Posted March 7, 2017 at 4:42PM

This Postural Respiration class was about 80% first time attendees to a PRI course. What was impressive was how good and how many questions were asked during the weekend. The questions were always relevant and "on point" helping to guide other students in their understanding of what can be an overwhelming experience for a first timer! This is when teaching a course is at its best when students are helping other students in understanding rib kinematics and the necessity of diaphragm shape and position as it relates to their rehab protocols and sport performance application. Erin Rajca did an incredible job as my lab assistant! Some of the questions included how does the shape of the left or right diaphragm reciprocate and alternate during dynamic activities like walking in different phases of gait? This is a first time hosting of a PRI course at this facility and the feedback on Sunday is that they want more! Thanks for hosting Apex Physical Therapy!

Posted March 1, 2017 at 10:00PM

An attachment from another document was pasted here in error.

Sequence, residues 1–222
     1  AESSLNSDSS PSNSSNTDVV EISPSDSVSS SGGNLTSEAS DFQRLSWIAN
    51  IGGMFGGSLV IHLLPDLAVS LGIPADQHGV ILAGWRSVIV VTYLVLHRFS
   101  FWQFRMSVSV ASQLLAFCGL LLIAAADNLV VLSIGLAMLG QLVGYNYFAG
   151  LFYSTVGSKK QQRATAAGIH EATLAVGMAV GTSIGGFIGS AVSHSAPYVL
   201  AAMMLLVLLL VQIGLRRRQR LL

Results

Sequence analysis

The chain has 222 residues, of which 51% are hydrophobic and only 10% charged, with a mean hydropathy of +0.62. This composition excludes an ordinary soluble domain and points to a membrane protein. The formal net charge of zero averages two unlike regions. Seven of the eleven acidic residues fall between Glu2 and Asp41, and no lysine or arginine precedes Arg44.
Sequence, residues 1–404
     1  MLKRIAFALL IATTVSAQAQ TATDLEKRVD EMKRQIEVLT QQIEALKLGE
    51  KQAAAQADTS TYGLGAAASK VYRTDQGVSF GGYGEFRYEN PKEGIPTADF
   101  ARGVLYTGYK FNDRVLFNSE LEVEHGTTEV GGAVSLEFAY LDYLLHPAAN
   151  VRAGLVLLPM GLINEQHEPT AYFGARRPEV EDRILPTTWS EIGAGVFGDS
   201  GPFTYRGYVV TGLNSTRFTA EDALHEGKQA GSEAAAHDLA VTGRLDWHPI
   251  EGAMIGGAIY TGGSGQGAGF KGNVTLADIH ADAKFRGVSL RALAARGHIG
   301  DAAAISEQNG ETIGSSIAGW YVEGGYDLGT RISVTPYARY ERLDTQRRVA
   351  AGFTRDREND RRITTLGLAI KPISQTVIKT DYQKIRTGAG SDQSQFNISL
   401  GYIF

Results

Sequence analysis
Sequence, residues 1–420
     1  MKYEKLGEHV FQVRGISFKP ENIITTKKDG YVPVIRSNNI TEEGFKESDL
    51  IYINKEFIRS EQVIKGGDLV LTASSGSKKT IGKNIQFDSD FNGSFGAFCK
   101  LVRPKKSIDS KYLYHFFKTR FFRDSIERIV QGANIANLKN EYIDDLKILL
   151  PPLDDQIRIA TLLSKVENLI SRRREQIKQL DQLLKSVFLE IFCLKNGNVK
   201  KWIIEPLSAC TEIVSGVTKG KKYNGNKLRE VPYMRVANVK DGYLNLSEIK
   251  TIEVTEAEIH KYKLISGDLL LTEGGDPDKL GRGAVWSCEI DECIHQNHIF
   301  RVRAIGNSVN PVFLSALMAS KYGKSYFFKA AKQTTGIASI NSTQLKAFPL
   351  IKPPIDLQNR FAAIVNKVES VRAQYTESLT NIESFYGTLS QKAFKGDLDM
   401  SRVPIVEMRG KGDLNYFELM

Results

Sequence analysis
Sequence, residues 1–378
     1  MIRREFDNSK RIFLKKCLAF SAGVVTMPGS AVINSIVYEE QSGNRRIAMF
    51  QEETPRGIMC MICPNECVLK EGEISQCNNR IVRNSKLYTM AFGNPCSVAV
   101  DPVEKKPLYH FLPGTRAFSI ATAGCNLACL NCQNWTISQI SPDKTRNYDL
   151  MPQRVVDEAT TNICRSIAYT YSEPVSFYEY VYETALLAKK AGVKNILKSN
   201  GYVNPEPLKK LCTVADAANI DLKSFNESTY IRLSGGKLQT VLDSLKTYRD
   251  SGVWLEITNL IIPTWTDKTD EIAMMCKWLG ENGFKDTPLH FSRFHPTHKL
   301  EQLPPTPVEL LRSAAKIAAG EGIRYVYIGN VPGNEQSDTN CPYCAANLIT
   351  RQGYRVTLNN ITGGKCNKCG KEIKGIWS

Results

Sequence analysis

The first Postural Respiration course of the year was presented at Rehab2Perform in Frederick Maryland. This facility is a perfect blend of rehab and performance as stated in it's name! Physical therapy, functional training, group coaching provides the backdrop to the diverse group of attendees including PT's, CSCS's and even an M.D. Some of the topics that attendees, and usually all attendees have, is the difference and purpose of a right arm reach vs. a left arm reach. This issue can be vexing for even veterans of several courses. One way to remember this is a right arm reach first turns a diaphragm to the left taking a pelvis with it. Get and hold onto a left hamstring and left abdominal wall then with the help of left serratus and left low trap, a left arm reach then turns a ribcage above T-8 to the right. Caution with superior T-4's was a theme reinforced over the weekend and veterans that had some questions about the reasoning regarding which arm and when to reach with it came away more relaxed and settled with this issue. Strength and conditioning professionals got whatever you load you will reinforce so get neutral, stay neutral and then load, move and perform! All in all a great facility, hosts and especially curious students! Thanks to all that attended and Josh Funk, DPT, CSCS, PRC for providing this facility!

Posted January 26, 2017 at 2:43PM

The first thing any skier learns is how to stop!  The next is how to control speed coming down a hill and then turning skis to provide direction in what at first feels like a very awkward, sometimes out of control and for most ultimately exhilarating experience!